Summer recess is over, and Britain's Parliament reconvenes Tuesday to face a momentous decision about whether to intervene to try to prevent a possible "no-deal" exit from the European Union.
Prime Minister Boris Johnson has taken steps to suspend Parliament during part of the period before the Oct. 31 Brexit deadline, giving legislators little time to try to rush through legislation designed to prevent a disorderly departure. They face a formidable challenge.
Labour Party officials are expected to seek an "emergency debate" so that an extension to the Brexit deadline can be discussed in the House of Commons. The plan is to introduce binding legislation that, if passed, would force the prime minister to seek a three-month extension to the Oct. 31 deadline even though he has said he is determined to leave the EU on that date regardless of whether there is a deal with the bloc's nations.
The role of House of Commons Speaker John Bercow will be important in determining when and how any debate unfolds. The speaker plays an impartial role in the British system, although Bercow last week criticized Johnson's decision to suspend Parliament for longer than usual before the Brexit deadline as a "constitutional outrage." He has been an outspoken advocate for Parliament playing an active role in setting Brexit policy.
This is not usually a fast process. A bill introduced in the House of Commons, the lower chamber of Parliament, gets two "readings" — one with a debate — before it goes to a committee stage, during which every clause is discussed and amendments can be made.
It then goes back to the House of Commons for more debate and possibly more amendments, which can be made by any legislator, and then is voted on at the end of a "third reading."
If the bill is supported, it goes to the upper House of Lords for a similar series of phases, with differing rules about when amendments can be offered. Parliament's website makes clear that this process can be very slow, and is subject to filibuster tactics: "All suggested amendments have to be considered, if a member wishes, and members can discuss an issue for as long as they want."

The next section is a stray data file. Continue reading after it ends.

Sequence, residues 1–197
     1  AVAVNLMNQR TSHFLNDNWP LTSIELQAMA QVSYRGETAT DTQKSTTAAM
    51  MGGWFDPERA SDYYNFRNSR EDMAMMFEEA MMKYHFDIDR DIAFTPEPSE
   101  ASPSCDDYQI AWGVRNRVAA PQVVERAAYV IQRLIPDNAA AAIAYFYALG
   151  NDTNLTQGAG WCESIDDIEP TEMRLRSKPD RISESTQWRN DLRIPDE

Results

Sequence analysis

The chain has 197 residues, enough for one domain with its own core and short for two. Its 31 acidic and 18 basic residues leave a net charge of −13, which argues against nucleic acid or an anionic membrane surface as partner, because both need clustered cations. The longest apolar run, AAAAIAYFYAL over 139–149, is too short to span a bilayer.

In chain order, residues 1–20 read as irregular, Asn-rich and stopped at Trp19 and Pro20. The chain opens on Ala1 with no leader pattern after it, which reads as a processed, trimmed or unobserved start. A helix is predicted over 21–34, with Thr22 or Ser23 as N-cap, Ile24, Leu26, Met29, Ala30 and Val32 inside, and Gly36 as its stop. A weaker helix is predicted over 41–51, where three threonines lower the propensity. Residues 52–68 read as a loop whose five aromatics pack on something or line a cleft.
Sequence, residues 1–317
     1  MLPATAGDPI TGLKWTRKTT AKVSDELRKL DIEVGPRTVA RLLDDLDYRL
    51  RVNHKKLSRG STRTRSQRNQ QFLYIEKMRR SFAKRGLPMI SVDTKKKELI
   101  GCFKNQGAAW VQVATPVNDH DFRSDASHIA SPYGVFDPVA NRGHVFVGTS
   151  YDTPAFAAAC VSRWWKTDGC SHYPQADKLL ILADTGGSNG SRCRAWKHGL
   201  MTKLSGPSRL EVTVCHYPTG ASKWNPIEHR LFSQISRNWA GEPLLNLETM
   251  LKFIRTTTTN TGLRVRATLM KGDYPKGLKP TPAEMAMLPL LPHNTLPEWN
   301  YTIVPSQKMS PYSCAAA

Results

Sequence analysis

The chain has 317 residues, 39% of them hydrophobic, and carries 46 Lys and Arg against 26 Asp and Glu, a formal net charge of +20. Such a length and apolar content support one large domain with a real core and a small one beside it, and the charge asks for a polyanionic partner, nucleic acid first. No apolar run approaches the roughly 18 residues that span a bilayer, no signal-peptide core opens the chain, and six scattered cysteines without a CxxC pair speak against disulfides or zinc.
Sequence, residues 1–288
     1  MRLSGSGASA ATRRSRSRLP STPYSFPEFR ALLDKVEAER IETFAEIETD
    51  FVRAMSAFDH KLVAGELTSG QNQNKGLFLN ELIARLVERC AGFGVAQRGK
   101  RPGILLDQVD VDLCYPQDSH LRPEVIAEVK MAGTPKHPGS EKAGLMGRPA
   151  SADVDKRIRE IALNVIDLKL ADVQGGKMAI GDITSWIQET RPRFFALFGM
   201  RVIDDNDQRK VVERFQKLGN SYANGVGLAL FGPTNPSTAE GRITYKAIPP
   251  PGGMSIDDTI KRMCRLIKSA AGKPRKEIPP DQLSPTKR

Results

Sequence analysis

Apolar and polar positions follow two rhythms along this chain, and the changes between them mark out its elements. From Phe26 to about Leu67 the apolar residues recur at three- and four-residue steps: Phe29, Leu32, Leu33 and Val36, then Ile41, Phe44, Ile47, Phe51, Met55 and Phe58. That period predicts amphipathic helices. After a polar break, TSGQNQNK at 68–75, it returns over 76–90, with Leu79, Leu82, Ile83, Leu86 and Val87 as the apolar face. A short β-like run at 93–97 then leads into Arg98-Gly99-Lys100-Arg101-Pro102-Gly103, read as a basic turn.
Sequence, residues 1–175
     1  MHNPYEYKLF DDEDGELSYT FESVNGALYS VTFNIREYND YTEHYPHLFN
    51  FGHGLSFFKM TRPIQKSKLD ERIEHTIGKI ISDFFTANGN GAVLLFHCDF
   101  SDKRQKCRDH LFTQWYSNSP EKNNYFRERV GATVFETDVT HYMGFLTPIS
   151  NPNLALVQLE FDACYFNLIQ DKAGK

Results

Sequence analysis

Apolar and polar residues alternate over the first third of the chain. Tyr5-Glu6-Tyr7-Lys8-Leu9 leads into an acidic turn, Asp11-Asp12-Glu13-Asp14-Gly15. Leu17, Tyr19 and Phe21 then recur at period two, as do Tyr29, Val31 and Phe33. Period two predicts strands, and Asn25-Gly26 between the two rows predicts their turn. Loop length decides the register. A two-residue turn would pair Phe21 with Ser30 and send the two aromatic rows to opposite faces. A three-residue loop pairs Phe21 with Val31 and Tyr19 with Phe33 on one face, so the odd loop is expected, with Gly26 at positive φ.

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If the Lords have made amendments to the bill, it is then sent back to the Commons for further consideration. If the Lords haven't made changes, the bill is sent to Queen Elizabeth II for "royal assent" and becomes law. The queen's approval is seen as a formality and doesn't have to be given in person.
THE PRIME MINISTER'S OPTIONS
Johnson's backers in Parliament can slow the legislative process down with amendments and with filibustering speeches that can go on for hours, in effect "playing out the clock" during the period before Parliament is suspended, which can begin as early as Sept. 9.
Parliament is set to reconvene shortly before the Brexit deadline, but those opposed to a "no-deal" departure say any legislation should be passed this week. Parliament normally doesn't sit on Fridays or on weekends, but that could be changed given the current time pressure.
On another front, Johnson is threatening to expel fellow Conservative Party legislators who back efforts to extend the Brexit deadline.
The prime minister also has stopped short of formally committing the government to abiding by Parliament's wishes if legislation is passed. Cabinet minister Michael Gove, who is playing a key role in Brexit preparations, said the government would wait and see what, if any, legislation is passed before deciding its response. Johnson said Monday evening there are "no circumstances" under which he would seek another delay.
As things stand, Britain will leave the EU on Oct. 31 unless it seeks an extension and the other 27 EU nations approve. If Parliament instructs the government to request an extension but is ignored, it would set off a constitutional clash of major proportions.